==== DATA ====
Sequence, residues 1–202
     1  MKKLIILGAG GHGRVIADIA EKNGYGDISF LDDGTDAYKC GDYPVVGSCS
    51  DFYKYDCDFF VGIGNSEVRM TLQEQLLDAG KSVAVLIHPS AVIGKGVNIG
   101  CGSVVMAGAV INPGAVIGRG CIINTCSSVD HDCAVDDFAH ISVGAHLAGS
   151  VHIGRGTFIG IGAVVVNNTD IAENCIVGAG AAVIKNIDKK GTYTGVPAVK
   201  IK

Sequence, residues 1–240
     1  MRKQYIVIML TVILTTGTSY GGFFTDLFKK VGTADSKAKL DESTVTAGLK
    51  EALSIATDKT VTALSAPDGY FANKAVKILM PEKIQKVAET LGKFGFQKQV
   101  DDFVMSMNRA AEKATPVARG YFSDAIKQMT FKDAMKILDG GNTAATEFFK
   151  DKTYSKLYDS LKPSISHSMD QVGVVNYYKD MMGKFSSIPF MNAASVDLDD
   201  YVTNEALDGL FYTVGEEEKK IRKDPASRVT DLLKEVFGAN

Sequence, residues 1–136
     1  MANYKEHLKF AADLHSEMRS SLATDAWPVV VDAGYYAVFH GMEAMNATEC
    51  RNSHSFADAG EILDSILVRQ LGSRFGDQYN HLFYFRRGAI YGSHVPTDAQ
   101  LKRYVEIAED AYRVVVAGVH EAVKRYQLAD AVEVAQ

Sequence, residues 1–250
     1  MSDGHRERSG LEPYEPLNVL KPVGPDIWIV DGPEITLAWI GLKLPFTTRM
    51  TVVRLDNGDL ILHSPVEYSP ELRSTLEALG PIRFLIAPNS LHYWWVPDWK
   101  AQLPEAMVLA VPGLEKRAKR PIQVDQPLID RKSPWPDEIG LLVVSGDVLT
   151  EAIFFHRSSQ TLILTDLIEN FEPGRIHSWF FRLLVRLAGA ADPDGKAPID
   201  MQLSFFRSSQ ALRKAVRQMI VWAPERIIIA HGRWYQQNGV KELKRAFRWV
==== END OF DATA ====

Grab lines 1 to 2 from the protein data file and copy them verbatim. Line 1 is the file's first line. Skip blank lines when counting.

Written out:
Sequence, residues 1–202
     1  MKKLIILGAG GHGRVIADIA EKNGYGDISF LDDGTDAYKC GDYPVVGSCS